Should Canucks Fans Be Worried About Olli Juolevi?

Updated: December 5, 2016 at 1:00 pm by Jackson McDonald


Photo Credit: Timothy T. Ludwig

Now that we’re over a quarter of the way through the CHL season, we now have a large enough sample size that we can begin to make inferences about how players are performing and how coaches deploy them. We’re also far enough into the season that narratives and concerns can start to take form.

With Friday’s tilt between the OHL’s Owen Sound Attack and London Knights televised on the west coast, many Canucks fans got their first look at Juolevi this season. But to their surprise, Juolevi was skating predominantly on the Knights’ second pair, behind 19-year-old Brandon Crawley and Montreal Canadiens 2016 pick Victor Mete.

That wasn’t the only troubling thing for Canucks fans about Friday’s game. His performance was underwhelming, to say the least. Juolevi took a pair of penalties in the third period and coughed up the puck on numerous occasions, one of which resulted directly in an Owen Sound goal. 

Juolevi hasn’t exactly set the world aflame in his draft+1 season so far, and with Matthew Tkachuk already making an impact in the Flames’ lineup, it hasn’t been a great look for the Canucks.

This may seem like cause for concern, but let me assure you, it most certainly isn’t. 

First of all, in spite of playing on the Knights’ ostensible second pair, Juolevi isn’t being deployed like a traditional #3-4 defenseman. Juolevi plays primarily with Evan Bouchard, but he’s often double-shifted, taking time with Mete as well, and he’s leading the Knights in even-strength estimated TOI with 18 and a half minutes per game.

This is common in junior hockey. The spread in talent from top to bottom of a CHL team’s lineup is often wide, and it’s not uncommon to see coaches spread their top defensemen across two or even all three defence pairs. In Juolevi’s case, he’s likely being used to help insulate his most frequent linemate Evan Bouchard, who just turned 17. 

Juolevi’s currently on pace to match his totals from last year, but his boxcars this season belie his real abilities. He sits just 16th among OHL defensemen in overall points, but he’s played fewer games this season than many of his competitors. Once we make some contextual adjustments to Juolevi’s numbers, he begins to look better. 

 The best way to evaluate junior hockey production is to compare a player to his peers, using primary point production. Secondary Assists are generally a poor representation of a player’s offensive contributions, as factors beyond the player’s control often influence these results. Juolevi is currently rocking a primary assist rate that’s lower than 11 of the 15 players ahead of him in OHL D scoring, which is in part responsible for his underwhelming boxcar stats.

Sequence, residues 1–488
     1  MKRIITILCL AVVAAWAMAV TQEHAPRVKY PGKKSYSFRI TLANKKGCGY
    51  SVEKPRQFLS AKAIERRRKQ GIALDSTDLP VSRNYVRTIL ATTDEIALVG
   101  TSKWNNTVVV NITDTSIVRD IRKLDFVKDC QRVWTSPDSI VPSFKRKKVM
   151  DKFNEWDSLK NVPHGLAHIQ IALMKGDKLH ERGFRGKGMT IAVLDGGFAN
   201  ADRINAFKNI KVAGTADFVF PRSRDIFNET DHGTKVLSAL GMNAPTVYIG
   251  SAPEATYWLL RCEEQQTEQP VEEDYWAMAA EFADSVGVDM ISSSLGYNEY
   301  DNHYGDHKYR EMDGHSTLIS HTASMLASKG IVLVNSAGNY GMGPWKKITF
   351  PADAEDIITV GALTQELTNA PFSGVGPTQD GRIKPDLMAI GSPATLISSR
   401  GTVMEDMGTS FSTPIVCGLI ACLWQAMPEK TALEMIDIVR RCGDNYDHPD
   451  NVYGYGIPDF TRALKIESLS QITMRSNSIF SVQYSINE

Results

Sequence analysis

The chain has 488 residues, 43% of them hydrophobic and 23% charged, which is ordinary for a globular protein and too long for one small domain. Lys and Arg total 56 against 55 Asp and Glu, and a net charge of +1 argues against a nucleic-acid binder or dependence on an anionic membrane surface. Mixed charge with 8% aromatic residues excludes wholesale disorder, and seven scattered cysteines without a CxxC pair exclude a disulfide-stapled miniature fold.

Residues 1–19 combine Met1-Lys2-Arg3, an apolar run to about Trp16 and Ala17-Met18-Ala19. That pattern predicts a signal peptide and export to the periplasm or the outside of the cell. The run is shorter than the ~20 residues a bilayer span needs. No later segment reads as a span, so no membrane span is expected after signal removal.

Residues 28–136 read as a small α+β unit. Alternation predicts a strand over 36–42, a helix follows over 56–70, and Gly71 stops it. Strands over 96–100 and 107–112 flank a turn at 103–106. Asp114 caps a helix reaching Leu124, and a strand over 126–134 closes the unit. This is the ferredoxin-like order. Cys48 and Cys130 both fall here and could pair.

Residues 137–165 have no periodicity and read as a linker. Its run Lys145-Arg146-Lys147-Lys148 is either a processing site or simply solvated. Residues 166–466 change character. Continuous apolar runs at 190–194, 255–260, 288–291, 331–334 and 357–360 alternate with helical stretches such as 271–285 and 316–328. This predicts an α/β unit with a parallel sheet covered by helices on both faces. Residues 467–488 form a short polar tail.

18yo D primary points per game 

*Data courtesy of 

Among 18-year-old defencemen, Juolevi ranks fourth in goals, primary points, and primary points-per-game. He’s also third in goals-per-game and ranks in the top 10 in primary assists. All this just serves to underline that Juolevi remains an elite draft+1 defenseman at the OHL level. 

There’s only so much a stat line can tell you about a junior player, especially one whose contributions on are on the defensive side of the puck, which is why I reached out to Corey Pronman, a writer for ESPN Insider and friend of the blog for some insight into Juolevi’s season thus far. Pronman immediately threw cold water on the notion Juolevi’s underperformed this season and indicated changes in his deployment had more to do with Mete’s strong play than anything Juolevi has done this season. 

“London has been rolling a balanced line up. Their 2 best defensemen, Juolevi and Victor Mete (MTL), have been split up. I don’t know if I’d call either pair the 1st or 2nd, they’re being rolled evenly at ES, while Juolevi gets his special teams minutes too.
His role has been cut a little due to how well Victor Mete has played. Both of them share time as the PP1 quarterback.” 

What’s struck me about Juolevi in the limited time I’ve seen him is his patience and calm demeanour with the puck. It doesn’t always come through unless you’re watching him in person, but Juolevi has a tremendous toolkit that hints he may have more to show offensively, a sentiment Pronman echoed.

I’d describe his performance as very good, but not dominant. He was my top ranked defenseman at the draft so know [that] I’m a believer, but he has another level then what he’s showed so far. 

That ought to be music to the ears of anyone hoping Juolevi can develop into a top-pairing defenceman for Vancouver. When you look at the numbers, it’s clear Juolevi’s performing at an acceptable level relative to where the Canucks selected him. If it is indeed the case that he’s capable of more, then expect his offensive totals to reflect that by season’s end.